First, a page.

Concern Is Comfort

Tara, MJ, and my niece texted me this morning to inquire how we are doing with Omicron. Her kind gesture…made my day! So often when you are ill and feeling as if ‘warmed-over death’ was your default setting…you feel a bit alone and watch life pass you by as you suffer in silence. When I told MJ of Tara’s text…she smiled broadly and rose to play a few hands of our card game…Golf. As she won almost every hand…her smile broadened and she proclaimed that we must play another once the Automatic Card Shuffler from Amazon…arrives later today.

Concern makes a difference in so many trials and tribulations of our lives. Once we understand that someone cares about us and our health and welfare…we take courage and often gain strength. We are not alone…we are members of a loving community that cares for us and that will help us when we need assistance. We are a bit like the young man that I observed in New York City many years ago. Someone felt that he had pulled his automobile too close to theirs in the midst of the nightmarish traffic of Manhattan. They screamed epitaphs at him and he returned the colorful rhetoric. Then someone that he knew called out a friendly greeting to him…and it was as if another man suddenly appeared. He smiled happily greeting his friend and went about his affairs with a joyful heart.

January is moving on in a rapid fashion. It will soon be a month since Christmas. Although some of our four seasons may seem a bit longer than others…they are all three months in length…and are all made to be appreciated and enjoyed. Service to others is a wonderful vocation or hobby and a way of life. Indeed there are few activities that are more satisfying. The more that we lighten another’s backpack…the freer we feel. When we make others happy…we in turn are happy. The human dynamic of peace and contentment is to look outward to assist our neighbor’s friends and family. I often said of Southern Illinois University @ Carbondale…that I could not outgive what the University had done for me. Rather it was additional hours worked or numerous committees that I volunteered for…or to daily endeavor to help people inside the house…and those who would be thrilled with the opportunity to come in…I could not repay SIUC…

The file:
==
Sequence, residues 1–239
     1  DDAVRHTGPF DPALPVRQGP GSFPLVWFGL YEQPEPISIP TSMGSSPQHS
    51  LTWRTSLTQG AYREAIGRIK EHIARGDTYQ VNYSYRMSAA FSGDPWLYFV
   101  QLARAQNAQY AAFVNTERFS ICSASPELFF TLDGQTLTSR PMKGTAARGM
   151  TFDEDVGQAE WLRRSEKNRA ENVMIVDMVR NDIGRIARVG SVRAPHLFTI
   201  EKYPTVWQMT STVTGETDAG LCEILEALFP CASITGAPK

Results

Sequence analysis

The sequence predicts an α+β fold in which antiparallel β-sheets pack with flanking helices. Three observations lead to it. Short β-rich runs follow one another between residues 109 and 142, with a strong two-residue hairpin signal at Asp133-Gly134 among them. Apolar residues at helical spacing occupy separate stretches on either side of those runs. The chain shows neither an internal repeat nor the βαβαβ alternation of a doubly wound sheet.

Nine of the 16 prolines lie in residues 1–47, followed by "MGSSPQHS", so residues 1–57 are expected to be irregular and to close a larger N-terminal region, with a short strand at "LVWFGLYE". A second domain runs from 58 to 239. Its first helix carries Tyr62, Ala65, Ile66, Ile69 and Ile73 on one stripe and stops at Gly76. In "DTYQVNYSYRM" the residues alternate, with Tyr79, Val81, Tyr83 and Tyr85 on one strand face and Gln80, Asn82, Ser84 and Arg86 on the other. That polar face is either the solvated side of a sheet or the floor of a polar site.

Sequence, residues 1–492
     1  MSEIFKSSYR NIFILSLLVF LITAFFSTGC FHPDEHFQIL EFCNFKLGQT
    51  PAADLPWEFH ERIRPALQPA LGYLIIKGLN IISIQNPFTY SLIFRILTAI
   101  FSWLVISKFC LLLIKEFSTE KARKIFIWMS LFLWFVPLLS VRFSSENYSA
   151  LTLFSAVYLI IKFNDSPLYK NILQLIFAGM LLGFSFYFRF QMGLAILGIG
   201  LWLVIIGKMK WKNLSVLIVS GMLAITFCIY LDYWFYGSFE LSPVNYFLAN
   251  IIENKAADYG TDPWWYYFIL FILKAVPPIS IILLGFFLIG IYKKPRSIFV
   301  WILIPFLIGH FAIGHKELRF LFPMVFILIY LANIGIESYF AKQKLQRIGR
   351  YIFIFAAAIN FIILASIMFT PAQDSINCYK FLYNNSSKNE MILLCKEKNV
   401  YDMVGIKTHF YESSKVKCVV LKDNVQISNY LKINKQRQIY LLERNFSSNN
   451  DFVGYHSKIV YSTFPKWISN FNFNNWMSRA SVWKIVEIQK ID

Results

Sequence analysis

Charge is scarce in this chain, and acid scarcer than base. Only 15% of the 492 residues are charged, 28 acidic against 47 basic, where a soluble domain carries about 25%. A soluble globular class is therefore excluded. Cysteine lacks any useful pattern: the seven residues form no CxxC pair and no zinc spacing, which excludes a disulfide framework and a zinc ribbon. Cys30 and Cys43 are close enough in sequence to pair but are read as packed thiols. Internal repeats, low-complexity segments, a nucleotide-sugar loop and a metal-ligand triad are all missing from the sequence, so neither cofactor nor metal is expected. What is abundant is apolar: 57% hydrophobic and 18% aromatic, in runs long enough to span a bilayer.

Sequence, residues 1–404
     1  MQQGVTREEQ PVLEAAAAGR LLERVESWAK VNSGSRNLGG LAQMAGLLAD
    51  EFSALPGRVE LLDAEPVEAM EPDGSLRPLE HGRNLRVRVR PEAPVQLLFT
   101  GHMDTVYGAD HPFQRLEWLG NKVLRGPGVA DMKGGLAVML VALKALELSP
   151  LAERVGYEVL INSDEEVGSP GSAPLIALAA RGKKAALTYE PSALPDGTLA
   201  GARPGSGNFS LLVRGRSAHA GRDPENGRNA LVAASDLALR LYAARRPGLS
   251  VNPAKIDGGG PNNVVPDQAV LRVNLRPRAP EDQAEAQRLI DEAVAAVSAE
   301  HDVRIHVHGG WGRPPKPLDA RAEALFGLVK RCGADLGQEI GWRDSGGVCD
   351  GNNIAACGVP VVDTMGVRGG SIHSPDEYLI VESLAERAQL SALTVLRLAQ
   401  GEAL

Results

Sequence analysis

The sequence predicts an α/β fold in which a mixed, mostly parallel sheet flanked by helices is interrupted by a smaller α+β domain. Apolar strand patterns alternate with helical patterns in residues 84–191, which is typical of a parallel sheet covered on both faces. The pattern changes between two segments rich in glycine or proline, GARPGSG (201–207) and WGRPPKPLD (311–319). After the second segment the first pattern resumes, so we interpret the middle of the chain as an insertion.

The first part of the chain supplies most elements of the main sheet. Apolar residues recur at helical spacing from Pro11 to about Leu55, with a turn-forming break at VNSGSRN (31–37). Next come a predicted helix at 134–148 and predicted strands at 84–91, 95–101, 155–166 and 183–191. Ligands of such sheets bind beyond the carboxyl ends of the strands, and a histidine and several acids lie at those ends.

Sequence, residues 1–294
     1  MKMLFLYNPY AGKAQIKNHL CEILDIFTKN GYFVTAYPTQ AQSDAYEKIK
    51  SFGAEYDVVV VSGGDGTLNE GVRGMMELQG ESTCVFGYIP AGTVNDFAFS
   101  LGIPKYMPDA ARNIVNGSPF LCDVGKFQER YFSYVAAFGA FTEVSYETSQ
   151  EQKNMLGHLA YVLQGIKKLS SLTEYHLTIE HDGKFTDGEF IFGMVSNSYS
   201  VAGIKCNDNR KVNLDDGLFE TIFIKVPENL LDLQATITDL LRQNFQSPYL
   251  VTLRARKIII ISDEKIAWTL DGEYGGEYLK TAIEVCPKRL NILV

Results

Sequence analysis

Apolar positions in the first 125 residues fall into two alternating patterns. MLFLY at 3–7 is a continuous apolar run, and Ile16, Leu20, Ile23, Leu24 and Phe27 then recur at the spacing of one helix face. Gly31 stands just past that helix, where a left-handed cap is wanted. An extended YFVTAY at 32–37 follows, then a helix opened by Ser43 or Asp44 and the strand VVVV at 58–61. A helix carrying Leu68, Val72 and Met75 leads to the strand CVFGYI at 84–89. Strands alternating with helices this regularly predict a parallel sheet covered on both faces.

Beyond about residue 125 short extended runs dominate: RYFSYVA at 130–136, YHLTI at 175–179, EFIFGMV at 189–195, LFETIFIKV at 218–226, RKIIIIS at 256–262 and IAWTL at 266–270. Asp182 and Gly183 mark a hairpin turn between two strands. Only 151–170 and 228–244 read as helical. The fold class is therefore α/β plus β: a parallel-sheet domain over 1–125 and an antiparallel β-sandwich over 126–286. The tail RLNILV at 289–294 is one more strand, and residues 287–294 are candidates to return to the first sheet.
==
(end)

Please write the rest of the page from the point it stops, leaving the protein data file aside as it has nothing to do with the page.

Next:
My dear departed mother was always looking for someone that need help. If she had a dollar and you needed money…she would give you some. She neither sought recognition or praise for her charitable deeds…rather she relished anonymity. If you were a marginalized person or a person who people shunned…mom was your friend. Mom saw the good in people…because she took time to look…

One response

  1. I believe it was a generation thing, my mother was just the same, they had come through real hardships themselves, depression, war real hardship, and after the war there was still restrictions and communities where father, brother and sons all worked in the local industry, the towns and villages clustered around them be it mining, steel works dockyard, pulled them together. When the industry moved to China (outsoaring by Thatcher here Regan in America) when the industry died so did the communities. When you add up the cost – what we gained and what we lost – I can’t help thinking we were taken for a ride.

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